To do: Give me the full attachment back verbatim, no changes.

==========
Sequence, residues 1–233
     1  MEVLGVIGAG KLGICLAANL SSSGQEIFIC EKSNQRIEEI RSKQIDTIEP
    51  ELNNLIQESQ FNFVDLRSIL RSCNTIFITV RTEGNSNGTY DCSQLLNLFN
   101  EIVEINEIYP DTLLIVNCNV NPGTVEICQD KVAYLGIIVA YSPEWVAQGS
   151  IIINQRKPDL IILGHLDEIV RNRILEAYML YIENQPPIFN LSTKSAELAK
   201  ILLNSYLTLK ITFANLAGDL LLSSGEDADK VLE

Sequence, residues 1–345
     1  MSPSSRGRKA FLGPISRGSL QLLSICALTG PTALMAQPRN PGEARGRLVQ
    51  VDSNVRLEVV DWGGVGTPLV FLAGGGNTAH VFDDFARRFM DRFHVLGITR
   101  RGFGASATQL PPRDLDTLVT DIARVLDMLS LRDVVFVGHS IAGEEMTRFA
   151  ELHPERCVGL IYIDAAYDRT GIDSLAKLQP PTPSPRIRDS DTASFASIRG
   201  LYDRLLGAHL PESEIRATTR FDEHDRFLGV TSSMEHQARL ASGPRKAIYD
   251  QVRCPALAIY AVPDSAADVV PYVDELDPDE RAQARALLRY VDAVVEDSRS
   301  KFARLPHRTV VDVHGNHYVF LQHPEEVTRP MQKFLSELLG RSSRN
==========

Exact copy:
Sequence, residues 1–233
     1  MEVLGVIGAG KLGICLAANL SSSGQEIFIC EKSNQRIEEI RSKQIDTIEP
    51  ELNNLIQESQ FNFVDLRSIL RSCNTIFITV RTEGNSNGTY DCSQLLNLFN
   101  EIVEINEIYP DTLLIVNCNV NPGTVEICQD KVAYLGIIVA YSPEWVAQGS
   151  IIINQRKPDL IILGHLDEIV RNRILEAYML YIENQPPIFN LSTKSAELAK
   201  ILLNSYLTLK ITFANLAGDL LLSSGEDADK VLE

Sequence, residues 1–345
     1  MSPSSRGRKA FLGPISRGSL QLLSICALTG PTALMAQPRN PGEARGRLVQ
    51  VDSNVRLEVV DWGGVGTPLV FLAGGGNTAH VFDDFARRFM DRFHVLGITR
   101  RGFGASATQL PPRDLDTLVT DIARVLDMLS LRDVVFVGHS IAGEEMTRFA
   151  ELHPERCVGL IYIDAAYDRT GIDSLAKLQP PTPSPRIRDS DTASFASIRG
   201  LYDRLLGAHL PESEIRATTR FDEHDRFLGV TSSMEHQARL ASGPRKAIYD
   251  QVRCPALAIY AVPDSAADVV PYVDELDPDE RAQARALLRY VDAVVEDSRS
   301  KFARLPHRTV VDVHGNHYVF LQHPEEVTRP MQKFLSELLG RSSRN